Congratulations to Francis Rwabuhinga on being selected as Primate Education Network’s (PEN) June Educator of the Month! Special thanks to Amy Hanna for her nomination and blog submission.
I had the pleasure of working with Francis Rwabuhinga for two years while I served as a Conservation Educator and Field Director with the Kasiisi Project and its Ugandan counterpart, the Kibale Forest Schools Program. Francis is the Conservation Education Coordinator with the Kasiisi Project, working with schools, communities, and on research programs.
The Kasiisi Project’s Conservation Education Program encompasses a variety of initiatives. These initiatives are aimed at instilling a commitment to environmental stewardship in Uganda’s next generation and encouraging more sustainable ways of living. They work with students and teachers in fourteen primary schools, mainly through established Wildlife Clubs, to improve knowledge about the environment, increase awareness of conservation issues, and encourage participation in fun, hands-on activities. The project’s affiliation with the Kibale Chimpanzee Project means activities often have a chimpanzee focus.
Francis is passionate and knowledgeable about primate ecology and conservation. This is clear when he teaches; he is an excellent example of someone who respects the environment. With the high primate diversity within Kibale National Park and the encroachment of communities on the forest, Francis’ role as a teacher and mentor to youth is essential. Francis says, “Conservation education plays an imperative role in raising awareness.”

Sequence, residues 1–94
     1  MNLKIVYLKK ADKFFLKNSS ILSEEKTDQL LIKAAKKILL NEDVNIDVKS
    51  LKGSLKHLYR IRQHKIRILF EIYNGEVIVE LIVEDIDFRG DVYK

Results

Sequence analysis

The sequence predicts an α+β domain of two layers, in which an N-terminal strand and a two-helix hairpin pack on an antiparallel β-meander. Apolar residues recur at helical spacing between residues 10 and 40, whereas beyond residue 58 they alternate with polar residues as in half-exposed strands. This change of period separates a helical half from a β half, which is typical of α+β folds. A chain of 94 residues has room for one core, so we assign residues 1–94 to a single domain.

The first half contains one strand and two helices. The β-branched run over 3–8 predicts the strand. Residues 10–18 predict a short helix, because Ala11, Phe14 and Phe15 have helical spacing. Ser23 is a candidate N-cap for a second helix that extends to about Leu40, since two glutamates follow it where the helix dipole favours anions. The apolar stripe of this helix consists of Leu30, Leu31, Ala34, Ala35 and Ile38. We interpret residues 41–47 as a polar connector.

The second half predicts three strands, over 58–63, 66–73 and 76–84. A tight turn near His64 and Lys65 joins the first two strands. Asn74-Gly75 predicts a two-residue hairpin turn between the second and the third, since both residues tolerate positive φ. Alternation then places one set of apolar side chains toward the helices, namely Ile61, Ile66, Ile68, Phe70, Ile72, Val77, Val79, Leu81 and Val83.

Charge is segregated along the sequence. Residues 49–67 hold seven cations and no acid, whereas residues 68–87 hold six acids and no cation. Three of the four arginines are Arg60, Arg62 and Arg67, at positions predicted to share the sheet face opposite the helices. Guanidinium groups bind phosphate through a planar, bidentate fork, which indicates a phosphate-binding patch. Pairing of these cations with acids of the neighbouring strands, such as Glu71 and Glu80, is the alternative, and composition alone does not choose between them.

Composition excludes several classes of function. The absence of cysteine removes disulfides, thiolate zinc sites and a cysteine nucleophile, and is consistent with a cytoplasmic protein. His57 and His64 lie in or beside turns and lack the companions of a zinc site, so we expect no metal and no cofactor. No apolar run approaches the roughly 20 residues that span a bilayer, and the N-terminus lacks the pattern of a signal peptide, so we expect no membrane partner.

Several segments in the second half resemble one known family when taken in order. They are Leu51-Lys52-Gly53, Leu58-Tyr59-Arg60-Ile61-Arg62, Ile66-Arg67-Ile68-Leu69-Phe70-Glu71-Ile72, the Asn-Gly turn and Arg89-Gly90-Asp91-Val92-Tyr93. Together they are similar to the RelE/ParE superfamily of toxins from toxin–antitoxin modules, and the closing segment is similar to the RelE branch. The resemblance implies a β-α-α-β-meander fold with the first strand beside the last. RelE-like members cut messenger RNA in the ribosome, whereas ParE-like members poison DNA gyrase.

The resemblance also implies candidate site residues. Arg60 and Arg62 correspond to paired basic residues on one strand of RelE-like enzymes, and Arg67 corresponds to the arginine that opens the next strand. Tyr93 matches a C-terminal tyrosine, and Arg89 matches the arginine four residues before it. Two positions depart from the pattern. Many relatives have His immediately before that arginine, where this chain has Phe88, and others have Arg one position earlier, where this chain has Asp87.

One of Francis’ main responsibilities is to support primary school Wildlife Clubs. I have seen him direct creative programs that connect teachers and students to the natural environment. He leads forest walks and manages conservation debates – both of which are popular with the students. Francis, a dynamic speaker, also reaches out to the general population at churches, an audience that would seldom hear about the importance of primate conservation. Francis says he uses these speaking opportunities to stress that conservation “is a responsibility for all.”
Francis is also experienced in ensuring conservation projects are properly carried out in the field. Through the Water Project, he is dedicated to teaching students living near Kibale National Park how to test the health of their water resources and the ecology of healthy aquatic ecosystems. His well-rounded approach to conservation education is based upon the belief that it “brings educators and local people in hot spot areas of primates together to discuss their future.”
Last month, Francis was selected to receive the Charles Southwick Conservation Education Commitment Award by the International Primatological Society. This award is dedicated to recognizing individuals living in primate habitat countries that have made a significant contribution to formal and informal conservation education in their countries.
This blog post was written by Amy Hanna, a PEN Advisor for East Africa, member of the American Association of Zoo Keepers Conservation Committee, and Consultant Field Supervisor for a climatology research project with the University of New Hampshire near Kibale National Park, Uganda. She previously worked with Francis, PEN's June Educator of the Month, while serving as the Kasiisi Project/Kibale Forest Schools Program Field Director.